Is Abstinence Realistic?

Is Abstinence Realistic?

I frequently find that Albert Mohler has some very provocative articles on his blog His radio program is also very engaging (KNIS Pilgrim radio plays it on Saturdays). On 2/19 he had an excellent article on the Bristol Palin interview. I watched the interview and Bristol seems like an average 18 year old girl. The comment she made, however, that is subject of Mohler’s article, was that although teens shouldn’t have sex, abstinence isn’t realistic.

It is not my intention to rehearse Mohler’s points, all of which were excellent. However, I began to wonder how many of our teens at Grace might think the same thing. I began to wonder how many of our parents think the same thing. There is no doubt that we live in a sexually charged and pornographic culture. We also live in the dating culture, where having a girlfriend or boyfriend whom you just “hang out with” is the norm. Here is one of Mohler’s points worth repeating, “abstinence is not a reality if young people are in situations where sexual activity is likely.” Certainly, sin and temptation are formidable foes, especially when allowed to set the stages and circumstances of life. But is it possible to raise sexually pure kids in a sexually impure age? Yes it most certainly is. It is not easy, but it is not impossible. Here are a few suggestions I offer as a pastor and a father:

1. Challenge the concept that Jr High and High School students need to date in order to get to know people of the opposite sex. There is a peculiar folly to recreational dating. I am not a courtship only nut, but parental involvement and some courtship model help prevent unnecessary male-female relationships and dangerous situations.

2. Truly have some principles, based on Scripture, on what is and what is not acceptable. Don’t assume because you dated at 14 that your kid should be allowed to date at 14. Read a few good books on the subject, listen to some messages (I recommend Pastors Mitch Lush and Jeff Smith, as well as Alex Chediak’s, which are all available from our tape ministry). Talk to your kids about the principles and communicate the convictions.

3. Think and teach redemptively, not just morally. “Be a good girl, be a good boy” only goes so far. “Don’t get pregnant because you wouldn’t want to embarrass us” has no moral persuasive force. Go to the Proverbs, especially Prov. 5, 6 and 7 and look at sexuality from a wisdom perspective. Go to such passages as 1 Cor. 6:12-20 and look at sexuality within the framework of redemption. Wisdom and redemption must shape our moral convictions. When our appeal is simply moral, it degenerates into a powerless moralism. When our appeal is based on the wisdom of the Word and the redemption of Christ, there is powerful motivation.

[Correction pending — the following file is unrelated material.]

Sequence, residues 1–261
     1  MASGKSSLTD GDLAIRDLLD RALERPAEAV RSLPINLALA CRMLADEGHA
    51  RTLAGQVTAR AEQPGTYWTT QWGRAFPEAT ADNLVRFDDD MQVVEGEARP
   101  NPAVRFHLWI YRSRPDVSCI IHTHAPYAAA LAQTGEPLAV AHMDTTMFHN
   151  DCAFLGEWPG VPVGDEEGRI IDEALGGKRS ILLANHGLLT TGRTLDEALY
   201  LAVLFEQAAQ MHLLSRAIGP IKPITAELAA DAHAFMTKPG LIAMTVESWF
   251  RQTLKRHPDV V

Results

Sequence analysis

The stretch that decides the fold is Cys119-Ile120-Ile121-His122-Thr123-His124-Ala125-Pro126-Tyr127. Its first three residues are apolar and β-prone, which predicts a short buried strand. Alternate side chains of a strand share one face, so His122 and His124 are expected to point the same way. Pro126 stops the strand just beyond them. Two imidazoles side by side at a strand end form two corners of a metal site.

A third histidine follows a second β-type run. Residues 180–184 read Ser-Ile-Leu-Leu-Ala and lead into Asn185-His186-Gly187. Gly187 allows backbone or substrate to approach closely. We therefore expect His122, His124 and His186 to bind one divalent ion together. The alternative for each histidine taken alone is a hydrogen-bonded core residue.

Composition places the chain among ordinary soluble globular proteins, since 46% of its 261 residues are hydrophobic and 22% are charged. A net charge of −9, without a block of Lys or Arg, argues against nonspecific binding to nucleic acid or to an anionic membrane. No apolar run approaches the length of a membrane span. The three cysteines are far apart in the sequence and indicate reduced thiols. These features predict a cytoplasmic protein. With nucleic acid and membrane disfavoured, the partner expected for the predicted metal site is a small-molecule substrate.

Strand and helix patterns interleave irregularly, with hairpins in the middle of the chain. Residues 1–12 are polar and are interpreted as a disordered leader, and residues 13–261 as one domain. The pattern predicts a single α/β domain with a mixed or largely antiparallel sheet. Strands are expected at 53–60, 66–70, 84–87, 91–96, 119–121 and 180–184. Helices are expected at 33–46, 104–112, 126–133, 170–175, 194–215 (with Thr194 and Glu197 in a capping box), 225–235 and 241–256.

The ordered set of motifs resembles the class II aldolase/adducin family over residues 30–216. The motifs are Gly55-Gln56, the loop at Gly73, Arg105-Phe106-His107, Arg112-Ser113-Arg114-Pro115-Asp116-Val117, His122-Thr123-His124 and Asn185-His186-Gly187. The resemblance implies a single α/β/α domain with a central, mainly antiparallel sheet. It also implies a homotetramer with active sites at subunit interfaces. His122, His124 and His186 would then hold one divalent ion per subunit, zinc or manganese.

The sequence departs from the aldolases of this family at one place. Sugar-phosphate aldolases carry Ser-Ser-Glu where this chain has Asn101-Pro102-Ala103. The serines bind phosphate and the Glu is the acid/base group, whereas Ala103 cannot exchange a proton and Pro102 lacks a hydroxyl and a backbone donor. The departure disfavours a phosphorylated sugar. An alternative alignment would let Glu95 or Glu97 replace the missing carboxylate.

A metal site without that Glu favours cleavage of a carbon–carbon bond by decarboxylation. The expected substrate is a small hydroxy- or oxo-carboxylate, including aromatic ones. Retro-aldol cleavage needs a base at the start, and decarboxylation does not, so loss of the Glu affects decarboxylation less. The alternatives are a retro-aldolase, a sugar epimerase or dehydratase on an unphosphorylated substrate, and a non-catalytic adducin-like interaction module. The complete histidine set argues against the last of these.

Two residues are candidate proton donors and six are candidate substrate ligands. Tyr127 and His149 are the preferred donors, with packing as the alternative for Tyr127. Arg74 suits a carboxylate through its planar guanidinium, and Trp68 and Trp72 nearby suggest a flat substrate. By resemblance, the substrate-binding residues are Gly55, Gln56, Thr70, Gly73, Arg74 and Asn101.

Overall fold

4. Supervise. You cannot be omniscient nor omnipresent, but you can supervise and direct. If you are blessed, you will have a child who seeks your counsel and asks you questions about what is proper and improper. You are doubly blessed if he or she is sensitive to the Holy Spirit and wants to please Christ. But parental supervision is a non-negotiable. As trust is earned, there can be some safe privileges granted.

5. Help your sons and daughters think through what they want in a husband or a wife, and discourage them from pursuing those who do not meet certain qualifications. For instance, the most important one, does he/she really love Christ or just profess to be a Christian?

6. Fathers, take an active and interested role in your kids’ lives. Fathers are critical here. Dad, require that any young man who will spend any time with your daughter must pass the Dad test. They must meet you. Show them your firearm collection (just kidding). Be involved. Don’t be passive. Don’t be an ogre or a jerk. When my kids are all married off I will publicly confess my failures for your edification. But not until then. Your involvement, even flawed involvement, means more than you may be able to gauge right now.

Raising kids who respect others, revere marriage and believe sexuality is sacred is no easy task. But the God who gave us His Word and Spirit can use us to shape a generation that goes against the currents of culture for the glory of God.

Pastor Brian

“If following Jesus does not feel dangerous, I should probably pause and check to see if it is Jesus I’m following.”
Gary Haugen

2 replies

    Great post. Probably a good idea to include our children in some marriage courses designed to help men and women understand each other. God made us different, not wrong! Personally, I insisted that one of my adult sons do this and it has helped him to understand his fiancee’s femininity much better. He was texting her during the seminar saying: “you need to hear this, we fight over these issues constantly.” This course has been really helpful in causing him to return to church. Praise the Lord!

    Old guy on a pilgrimage.

  2. The Guddats
    The Guddats says:

    It is realistic but difficult and against the nature in us that says, “Sin is fun and feels good.” I agree about going through the Proverbs with children (although we don’t have any yet =-) I think parents need to impress upon their children how deceptive sin really is. In churches we get the idea that obedience is not only the right thing to do but it is the easy thing to do which could not be farther from the truth. If kids are seeing these stalwart “I don’t nor ever have struggled with that” type examples it becomes demoralizing for them and I think they feel like temptation is insurmountable. They need to know that in reality it is a pervasive temptation for almost everyone. Also that there are huge implications for their future relationships, if they cannot display restraint and remain abstinent before marriage then what about the temptations that come after marriage?

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